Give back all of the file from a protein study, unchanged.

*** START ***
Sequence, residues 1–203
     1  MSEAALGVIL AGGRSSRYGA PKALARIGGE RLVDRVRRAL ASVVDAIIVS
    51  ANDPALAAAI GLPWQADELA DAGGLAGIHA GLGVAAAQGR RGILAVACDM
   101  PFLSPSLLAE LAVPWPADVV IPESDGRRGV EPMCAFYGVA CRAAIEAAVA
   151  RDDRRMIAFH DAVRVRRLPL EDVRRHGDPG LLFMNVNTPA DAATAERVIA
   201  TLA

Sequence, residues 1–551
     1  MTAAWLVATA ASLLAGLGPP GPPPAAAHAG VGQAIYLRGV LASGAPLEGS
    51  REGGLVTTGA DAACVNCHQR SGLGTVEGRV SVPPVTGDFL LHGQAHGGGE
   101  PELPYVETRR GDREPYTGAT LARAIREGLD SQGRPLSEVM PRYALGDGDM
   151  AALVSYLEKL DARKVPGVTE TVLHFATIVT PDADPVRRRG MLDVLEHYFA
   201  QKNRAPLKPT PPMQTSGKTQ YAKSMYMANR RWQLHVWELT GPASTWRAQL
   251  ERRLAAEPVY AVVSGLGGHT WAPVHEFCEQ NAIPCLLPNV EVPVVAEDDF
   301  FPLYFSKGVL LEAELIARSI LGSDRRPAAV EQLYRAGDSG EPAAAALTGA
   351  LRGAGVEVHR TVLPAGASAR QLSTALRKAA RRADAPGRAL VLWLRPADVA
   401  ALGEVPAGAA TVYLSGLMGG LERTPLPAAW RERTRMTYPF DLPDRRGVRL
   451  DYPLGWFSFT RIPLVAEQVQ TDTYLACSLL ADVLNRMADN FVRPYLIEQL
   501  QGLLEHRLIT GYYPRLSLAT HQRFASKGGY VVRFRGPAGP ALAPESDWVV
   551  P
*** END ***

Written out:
Sequence, residues 1–203
     1  MSEAALGVIL AGGRSSRYGA PKALARIGGE RLVDRVRRAL ASVVDAIIVS
    51  ANDPALAAAI GLPWQADELA DAGGLAGIHA GLGVAAAQGR RGILAVACDM
   101  PFLSPSLLAE LAVPWPADVV IPESDGRRGV EPMCAFYGVA CRAAIEAAVA
   151  RDDRRMIAFH DAVRVRRLPL EDVRRHGDPG LLFMNVNTPA DAATAERVIA
   201  TLA

Sequence, residues 1–551
     1  MTAAWLVATA ASLLAGLGPP GPPPAAAHAG VGQAIYLRGV LASGAPLEGS
    51  REGGLVTTGA DAACVNCHQR SGLGTVEGRV SVPPVTGDFL LHGQAHGGGE
   101  PELPYVETRR GDREPYTGAT LARAIREGLD SQGRPLSEVM PRYALGDGDM
   151  AALVSYLEKL DARKVPGVTE TVLHFATIVT PDADPVRRRG MLDVLEHYFA
   201  QKNRAPLKPT PPMQTSGKTQ YAKSMYMANR RWQLHVWELT GPASTWRAQL
   251  ERRLAAEPVY AVVSGLGGHT WAPVHEFCEQ NAIPCLLPNV EVPVVAEDDF
   301  FPLYFSKGVL LEAELIARSI LGSDRRPAAV EQLYRAGDSG EPAAAALTGA
   351  LRGAGVEVHR TVLPAGASAR QLSTALRKAA RRADAPGRAL VLWLRPADVA
   401  ALGEVPAGAA TVYLSGLMGG LERTPLPAAW RERTRMTYPF DLPDRRGVRL
   451  DYPLGWFSFT RIPLVAEQVQ TDTYLACSLL ADVLNRMADN FVRPYLIEQL
   501  QGLLEHRLIT GYYPRLSLAT HQRFASKGGY VVRFRGPAGP ALAPESDWVV
   551  P